Writing on the 22nd anniversary of the catastrophic 1988 earthquake in Armenia, “Zhamanak” says the country has not only failed to fully recovered from the calamity but has also experienced a collapse of “human morality.” “The disaster zone, which has become a monument to human tragedies, is a subject of various government speculations,” says the pro-opposition daily. “To this day, thousands of people live in temporary shacks in miserable conditions, have no idea when they will live in humane conditions. And yet in the last few years, the authorities have repeatedly stated that the notion ‘disaster zone’ does not exist anymore.”
But as “Hayots Ashkhar” says in an extensive article on the subject, there have been “substantial changes” in the earthquake-hit regions. The pro-presidential paper contends that the reconstruction work carried out there over the past decade has “somewhat straightened the country’s back” and “transformed people’s approaches and perceptions.” “Those who curse darkness do not quite like those who light candles,” it says. “The other people find the way out with the help of the candle’s light, rather than the sound of the curse.”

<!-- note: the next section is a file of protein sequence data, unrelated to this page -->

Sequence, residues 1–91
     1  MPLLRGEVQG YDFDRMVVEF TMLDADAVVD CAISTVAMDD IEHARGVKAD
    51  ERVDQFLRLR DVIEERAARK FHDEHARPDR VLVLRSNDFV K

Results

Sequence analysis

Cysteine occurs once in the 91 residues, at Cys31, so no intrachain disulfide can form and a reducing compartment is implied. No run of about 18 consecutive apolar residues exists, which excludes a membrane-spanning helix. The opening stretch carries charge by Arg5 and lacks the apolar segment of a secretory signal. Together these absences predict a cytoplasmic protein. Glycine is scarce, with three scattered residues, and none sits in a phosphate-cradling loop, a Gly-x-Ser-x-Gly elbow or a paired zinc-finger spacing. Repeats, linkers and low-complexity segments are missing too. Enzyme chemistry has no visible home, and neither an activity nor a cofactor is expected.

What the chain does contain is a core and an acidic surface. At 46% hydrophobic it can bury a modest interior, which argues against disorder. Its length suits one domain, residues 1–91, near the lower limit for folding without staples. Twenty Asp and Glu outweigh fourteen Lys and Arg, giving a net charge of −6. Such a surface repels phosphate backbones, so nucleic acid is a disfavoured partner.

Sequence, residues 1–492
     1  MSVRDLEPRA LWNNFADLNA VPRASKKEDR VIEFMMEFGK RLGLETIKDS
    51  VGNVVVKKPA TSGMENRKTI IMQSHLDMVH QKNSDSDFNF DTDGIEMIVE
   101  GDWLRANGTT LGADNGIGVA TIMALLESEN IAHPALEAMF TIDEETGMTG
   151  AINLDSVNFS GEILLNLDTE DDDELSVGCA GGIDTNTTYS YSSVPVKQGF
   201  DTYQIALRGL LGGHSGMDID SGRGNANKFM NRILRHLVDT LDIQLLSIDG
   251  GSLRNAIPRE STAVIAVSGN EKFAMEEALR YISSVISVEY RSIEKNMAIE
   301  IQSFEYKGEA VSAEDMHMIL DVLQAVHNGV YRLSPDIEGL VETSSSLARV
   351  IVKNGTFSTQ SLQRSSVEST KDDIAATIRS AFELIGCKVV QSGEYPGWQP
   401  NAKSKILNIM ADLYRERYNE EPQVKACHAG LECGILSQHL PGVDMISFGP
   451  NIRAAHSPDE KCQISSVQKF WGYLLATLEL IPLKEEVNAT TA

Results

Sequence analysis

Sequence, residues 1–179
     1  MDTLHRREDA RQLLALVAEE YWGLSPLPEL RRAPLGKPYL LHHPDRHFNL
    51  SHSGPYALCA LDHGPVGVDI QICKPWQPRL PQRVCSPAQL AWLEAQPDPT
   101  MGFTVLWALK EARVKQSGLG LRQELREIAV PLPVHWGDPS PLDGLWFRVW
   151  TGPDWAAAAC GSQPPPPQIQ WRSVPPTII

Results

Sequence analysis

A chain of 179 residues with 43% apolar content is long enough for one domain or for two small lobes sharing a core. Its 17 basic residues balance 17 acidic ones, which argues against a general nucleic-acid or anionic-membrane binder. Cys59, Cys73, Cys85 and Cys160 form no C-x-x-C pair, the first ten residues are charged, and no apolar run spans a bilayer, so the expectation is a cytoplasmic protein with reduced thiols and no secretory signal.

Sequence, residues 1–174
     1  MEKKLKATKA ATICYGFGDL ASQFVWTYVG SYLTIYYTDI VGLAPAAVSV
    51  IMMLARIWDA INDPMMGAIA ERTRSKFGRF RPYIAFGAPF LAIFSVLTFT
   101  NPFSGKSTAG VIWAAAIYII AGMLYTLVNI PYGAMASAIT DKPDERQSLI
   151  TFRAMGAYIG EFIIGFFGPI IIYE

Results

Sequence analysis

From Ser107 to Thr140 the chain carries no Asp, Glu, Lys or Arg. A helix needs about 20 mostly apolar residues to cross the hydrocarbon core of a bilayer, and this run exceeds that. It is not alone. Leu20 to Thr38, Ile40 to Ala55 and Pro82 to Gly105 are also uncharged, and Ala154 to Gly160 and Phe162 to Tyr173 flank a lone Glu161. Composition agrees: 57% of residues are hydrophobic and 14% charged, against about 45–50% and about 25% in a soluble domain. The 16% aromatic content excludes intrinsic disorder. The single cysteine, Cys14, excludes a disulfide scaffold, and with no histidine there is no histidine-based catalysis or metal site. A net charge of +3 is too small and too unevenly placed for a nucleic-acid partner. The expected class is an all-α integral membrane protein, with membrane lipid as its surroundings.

“Azg” says the young people who were born in the area after December 1988 are trying to “liberate themselves from the ‘earthquake generation’ tag” and “seeking to live normal human lives.” “The seniors too must rid themselves of the earthquake imprint,” writes the paper.
In the first edition of its new, daily version, “Yerkir” discusses the OSCE summit in Astana. “By and large, Armenia got no substantive result at Astana,” the paper writes, scoffing at government officials’ arguments that the principle of self-determination was mentioned along with that of territorial integrity in a statement adopted at the summit. It says this only proves that the international community previously placed territorial integrity above self-determination with regard to the Nagorno-Karabakh conflict because of the Armenian government’s “negligence and wrong course.” “Yerevan has only managed to rectify that mistake with very vague formulations,” concludes the paper.
Abel Aganbegian, a prominent Russian-Armenian economist, tells “168 Zham” that Armenia’s industrial output has grown by no more than 5 percent per annum in the past decade because of the “monopolization” of the Armenian economy. “Monopolies don’t need manufacturing,” he says. “In Armenia, the monopolization mainly involves imports because that’s where the large sums can be made.” Aganbegian also criticizes the exchange rate policy of the Armenian Central Bank before the global financial crisis, saying that it was “extremely harmful” for the Armenian economy. The Armenian dram was “clearly overvalued.”